W3C home > Mailing lists > Public > public-webappsec@w3.org > April 2017

Re: [suborigins] serializing of origins

From: Jochen Eisinger <eisinger@google.com>
Date: Tue, 11 Apr 2017 20:08:39 +0000
Message-ID: <CALjhuifWDp+Z3_-wMQAZUOYacw+DS-xN10C-m-egvOQnGPua7Q@mail.gmail.com>
To: Aleksandr Dobkin <dobkin@google.com>, Mike West <mkwst@google.com>
Cc: Devdatta Akhawe <dev.akhawe@gmail.com>, "public-webappsec@w3.org" <public-webappsec@w3.org>
I'm unhappy about the general idea of extending the origin string, as it
creeps into everything, including the browser UI, and I'd rather not bother
users with the serialization of a suborigin.

e.g. right now, the serialized origin shows up in all cookie & site data
related UI, which is surprising given that you never saw an URL of that
format in your location bar.

On Tue, Apr 11, 2017 at 5:55 PM Aleksandr Dobkin <dobkin@google.com> wrote:

> Jochem, are you not happy more with the specific syntax or the general
> idea of extending the origin string?
> Separate origin/suborigin attributes in the MessageEvent object are
> workable, but seem like a little bit more when converting legacy code
> compared to the existing solution.
> On Tue, Apr 11, 2017 at 12:00 PM, Mike West <mkwst@google.com> wrote:
>> +Dev, who I hope will have informed opinions about how Dropbox would like
>> to be using suborigins.
>> I think getting rid of the serialization change would be a win. The new
>> scheme has caused some weirdness in Blink's implementation, especially its
>> integration with other layers of the system that shouldn't really need to
>> know anything about suborigins.
>> Dev will correct me, I hope, but AFAIK the goal of the serialization
>> scheme is to ensure that applications that are not suborigin-aware fail
>> closed when a suborigin tries to talk to them. That is, when `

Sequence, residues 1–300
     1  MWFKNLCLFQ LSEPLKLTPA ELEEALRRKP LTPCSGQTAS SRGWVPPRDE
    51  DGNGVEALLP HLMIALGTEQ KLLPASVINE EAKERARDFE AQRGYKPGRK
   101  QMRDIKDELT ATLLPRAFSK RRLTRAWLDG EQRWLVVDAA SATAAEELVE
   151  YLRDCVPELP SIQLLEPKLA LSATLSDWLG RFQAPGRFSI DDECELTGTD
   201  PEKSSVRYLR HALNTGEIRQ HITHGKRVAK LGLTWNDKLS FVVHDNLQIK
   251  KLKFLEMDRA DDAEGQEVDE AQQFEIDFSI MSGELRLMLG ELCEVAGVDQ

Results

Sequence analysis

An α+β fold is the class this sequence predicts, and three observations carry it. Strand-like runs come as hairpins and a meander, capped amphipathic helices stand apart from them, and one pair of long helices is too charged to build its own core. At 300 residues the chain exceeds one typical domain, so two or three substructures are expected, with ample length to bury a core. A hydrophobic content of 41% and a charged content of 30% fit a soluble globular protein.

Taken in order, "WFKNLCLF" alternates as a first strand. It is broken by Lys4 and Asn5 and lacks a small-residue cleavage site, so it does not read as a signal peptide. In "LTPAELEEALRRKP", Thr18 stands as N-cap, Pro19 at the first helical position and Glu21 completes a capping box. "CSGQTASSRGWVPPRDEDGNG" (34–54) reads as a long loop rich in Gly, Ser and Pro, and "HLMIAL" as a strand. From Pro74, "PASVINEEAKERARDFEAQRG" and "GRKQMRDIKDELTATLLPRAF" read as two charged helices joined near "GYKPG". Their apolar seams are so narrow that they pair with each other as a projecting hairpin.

>> https://example.com/` <https://example.com/> with a suborigin of `foo`
>> tries to `postMessage()` to another page on `https://example.com/`
>> <https://example.com/>, then simply checking the message's `origin`
>> attribute against `https://example.com/` <https://example.com/> should
>> fail. Likewise for `origin` header checks.
>> Another approach to those two cases would be what you suggest at the end
>> of your email: set the `origin` attribute of a `MessageEvent` from a
>> suborigin to `null` (not the string "null", but the object `null`), and add
>> more attributes to allow folks to do reasonable comparisons. It strikes me
>> that the `initiator` property you're suggesting might also be an
>> opportunity to stuff the `domain` into the `MessageEvent`, which might be
>> independently valuable. Hrm.
>> For the `Origin` header, it seems like we're already failing closed if
>> `Access-Control-Allow-Suborigin` isn't present in the response, right? If
>> that's the case, then why not add a `Suborigin` header to the request? (I
>> think this is basically what issue 11 in the spec is suggesting).
>> -mike
>> On Fri, Apr 7, 2017 at 10:11 AM, Jochen Eisinger <eisinger@google.com>
>> wrote:
>>> Hey all,
>>> I started to look at our suborigin implementation in blink, and one of
>>> the things I was stumbling over was the serialization of an origin with a
>>> suborigin, i.e. (scheme, host, port, suborigin) getting serialized to
>>> ${scheme}-so://${suborigin}.${host}:${port}/
>>> It seems that the main reason for doing this is to break postMessage for
>>> code that is not aware of suborigins. Is that the case?
>>> If that was the case, have we considered other ways to break this, e.g.
>>> make origin return the null value and add instead a new property to message
>>> (e.g. initiator with two properties origin and suborigin)?
>>> best
>>> -jochen
Received on Tuesday, 11 April 2017 20:09:27 UTC

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